Agitation, Propaganda, and the 'Stalinization' of the Soviet Press, 1922-1930

Matthew E. Lenoe


Between 1925 and 1933 the layout and tone of the Soviet central press underwent a plainly discernible change. Issues of Pravda and Izvestiia from the period of the New Economic Policy or NEP ( 1921-1927) contain journalistic genres familiar to the American reader: the wire service report written in an "objective" style, the editorial commentary, the economic analysis, the short
satirical piece about everyday life. The shrill declamation, exhortation, and didacticism of the same newspapers in the early 1930s, on the other hand, seem alien and bizarre. Exclamation marks, commands, military metaphors, and congratulations from Party leaders to factories for surpassing their production plans fill central Soviet papers from 1933. Sometimes the press castigates readers like a parent scolding naughty children, sometimes it lectures them like a teacher,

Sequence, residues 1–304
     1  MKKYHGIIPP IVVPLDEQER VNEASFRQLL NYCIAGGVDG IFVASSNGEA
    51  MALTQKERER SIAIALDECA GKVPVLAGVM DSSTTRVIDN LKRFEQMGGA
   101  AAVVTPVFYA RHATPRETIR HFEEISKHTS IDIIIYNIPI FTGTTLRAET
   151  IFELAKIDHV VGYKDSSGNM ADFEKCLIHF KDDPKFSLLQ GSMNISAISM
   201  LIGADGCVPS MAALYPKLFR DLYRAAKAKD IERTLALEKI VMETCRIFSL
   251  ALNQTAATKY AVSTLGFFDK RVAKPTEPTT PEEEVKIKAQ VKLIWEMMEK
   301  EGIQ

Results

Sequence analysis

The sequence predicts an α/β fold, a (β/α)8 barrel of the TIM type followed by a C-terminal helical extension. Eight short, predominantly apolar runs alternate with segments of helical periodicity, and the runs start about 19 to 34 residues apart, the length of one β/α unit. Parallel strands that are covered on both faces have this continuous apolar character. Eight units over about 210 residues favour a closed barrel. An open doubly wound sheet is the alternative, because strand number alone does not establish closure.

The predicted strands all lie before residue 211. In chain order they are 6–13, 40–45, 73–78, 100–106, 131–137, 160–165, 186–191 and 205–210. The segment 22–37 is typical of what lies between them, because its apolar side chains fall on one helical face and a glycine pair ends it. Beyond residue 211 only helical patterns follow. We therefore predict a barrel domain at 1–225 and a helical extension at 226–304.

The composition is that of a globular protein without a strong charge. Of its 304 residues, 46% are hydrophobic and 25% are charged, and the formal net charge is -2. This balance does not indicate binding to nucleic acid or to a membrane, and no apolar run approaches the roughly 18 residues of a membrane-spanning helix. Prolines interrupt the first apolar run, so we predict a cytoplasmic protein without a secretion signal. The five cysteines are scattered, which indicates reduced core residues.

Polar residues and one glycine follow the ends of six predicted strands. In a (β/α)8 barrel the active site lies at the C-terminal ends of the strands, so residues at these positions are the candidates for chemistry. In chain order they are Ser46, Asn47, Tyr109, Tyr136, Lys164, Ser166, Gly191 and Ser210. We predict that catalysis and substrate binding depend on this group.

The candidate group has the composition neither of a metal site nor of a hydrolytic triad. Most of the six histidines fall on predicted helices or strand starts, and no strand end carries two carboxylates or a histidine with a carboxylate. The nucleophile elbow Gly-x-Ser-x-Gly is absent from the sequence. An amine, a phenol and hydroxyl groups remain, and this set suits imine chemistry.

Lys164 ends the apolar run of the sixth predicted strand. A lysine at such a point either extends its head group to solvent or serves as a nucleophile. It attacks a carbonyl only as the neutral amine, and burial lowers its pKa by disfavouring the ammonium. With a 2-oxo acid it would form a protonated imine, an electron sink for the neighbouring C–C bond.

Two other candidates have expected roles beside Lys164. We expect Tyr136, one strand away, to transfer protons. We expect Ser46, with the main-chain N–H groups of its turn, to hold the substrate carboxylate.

sometimes it exhorts them to action, like a platoon leader urging his troops forward. Aggressive declamation about "Bolshevik tempo," "Bolshevik competition," "Fascist depravity," and "gargantuan victories of the proletariat" blares from the pages.

Full Text:




  • There are currently no refbacks.